AnnouncementThe AJP Best Article Prize For 2018
THE AJP BEST ARTICLE PRIZE FOR 2018
HAS BEEN PRESENTED BY
THE AMERICAN JOURNAL OF PHILOLOGY TO
CHRISTOPHER B. KREBS
STANFORD UNIVERSITY DEPARTMENT OF CLASSICS
for his contribution to scholarship in “The World’s Measure: Caesar’s Geographies of Gallia and Britannia in Their Contexts and as Evidence of His World Map,” AJP 139.1 (Spring 2018): 93-122.
Krebs situates the geographical descriptions of the BG within the techniques of Roman surveying and Greek geographical writing to reveal two largely different intentions: the first to organize a territory in such a way as to ready it for Roman control, the second as a contribution to a map of the oikoumene.
Krebs contrasts Caesar’s description of Gaul with that of his Britannia. The Gallia, he argues, is indebted to a variety of geographical traditions created for the purpose of ordering inhabited space. Important sources include the work of Roman surveyors, with which Caesar himself was familiar as curator of the Via Appia, and that of the agrimensores, whose work on laying out roads and in partitioning new territories focused on the fines of an area and the people who lived within. The result is an approach to Gallia from an imperial perspective that structures the area as an object of Roman military and administrative control.
The description of Britannia, by contrast, is abstract, rather than descriptive, and can be seen as representing the kind of ethno-geographical writing that traced its origins back to Herodotus. Caesar is familiar with the topoi of these discussions and how they are related to Britain in particular. Krebs connects the level of detail contained in the Britannia to Caesar’s intellectual interest in the comprehensive measurement of the oikoumene as attested by the so-called Cosmographia Iulii Caesaris. However, in the end, knowledge always has a political dimension. Caesar’s Britain, so constructed, can stand as a counterweight to Pompey’s military success. In addition, the scientific geography of Britain constitutes both a practical template and an intellectual justification for eventual Roman control.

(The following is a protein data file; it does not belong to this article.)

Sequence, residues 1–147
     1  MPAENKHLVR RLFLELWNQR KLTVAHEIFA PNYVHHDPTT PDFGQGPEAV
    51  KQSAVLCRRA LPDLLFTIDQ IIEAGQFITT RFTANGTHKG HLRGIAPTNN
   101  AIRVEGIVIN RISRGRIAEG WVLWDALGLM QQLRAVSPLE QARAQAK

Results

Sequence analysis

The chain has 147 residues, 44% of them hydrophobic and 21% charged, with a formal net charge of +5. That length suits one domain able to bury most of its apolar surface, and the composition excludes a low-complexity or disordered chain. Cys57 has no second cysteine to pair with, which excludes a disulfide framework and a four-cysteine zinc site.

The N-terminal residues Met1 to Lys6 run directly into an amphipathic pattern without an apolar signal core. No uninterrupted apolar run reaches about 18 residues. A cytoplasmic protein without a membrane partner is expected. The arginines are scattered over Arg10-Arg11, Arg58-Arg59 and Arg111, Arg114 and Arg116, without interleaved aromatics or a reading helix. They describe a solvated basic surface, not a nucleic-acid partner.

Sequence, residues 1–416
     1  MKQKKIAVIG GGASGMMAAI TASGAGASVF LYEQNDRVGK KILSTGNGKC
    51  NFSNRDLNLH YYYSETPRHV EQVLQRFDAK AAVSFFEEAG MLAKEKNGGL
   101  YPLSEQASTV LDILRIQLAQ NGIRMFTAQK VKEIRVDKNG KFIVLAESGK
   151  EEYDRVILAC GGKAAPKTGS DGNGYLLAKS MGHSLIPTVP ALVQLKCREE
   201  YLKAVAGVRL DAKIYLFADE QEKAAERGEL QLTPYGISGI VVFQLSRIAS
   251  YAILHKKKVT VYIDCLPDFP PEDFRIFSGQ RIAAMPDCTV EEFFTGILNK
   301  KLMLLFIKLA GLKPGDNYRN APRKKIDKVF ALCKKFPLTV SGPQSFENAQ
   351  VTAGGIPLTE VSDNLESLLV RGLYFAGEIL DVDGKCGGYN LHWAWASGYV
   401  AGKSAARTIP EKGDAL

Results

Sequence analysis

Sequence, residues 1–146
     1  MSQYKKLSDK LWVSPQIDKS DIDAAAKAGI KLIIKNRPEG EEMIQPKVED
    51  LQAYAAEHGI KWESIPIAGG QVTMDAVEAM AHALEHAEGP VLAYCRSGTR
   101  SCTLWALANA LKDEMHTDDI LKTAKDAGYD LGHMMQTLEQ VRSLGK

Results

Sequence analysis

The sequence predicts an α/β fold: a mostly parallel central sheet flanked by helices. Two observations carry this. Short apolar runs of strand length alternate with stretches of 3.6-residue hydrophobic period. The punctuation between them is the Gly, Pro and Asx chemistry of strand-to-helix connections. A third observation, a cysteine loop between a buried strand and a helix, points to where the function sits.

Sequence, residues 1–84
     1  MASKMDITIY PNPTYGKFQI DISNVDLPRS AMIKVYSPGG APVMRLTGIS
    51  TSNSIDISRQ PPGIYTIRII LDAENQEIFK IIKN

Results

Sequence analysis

Judges for Johns Hopkins University Press
Charles Platter (chair) Anthony Corbeil Alex Purves
The Thirty-first Annual Best Article Prize of $1,000 will be awarded for the best article to appear in the Journal in 2019. The Press would like to thank the members of the committee for their time and effort.
William M. Breichner
Johns Hopkins University Press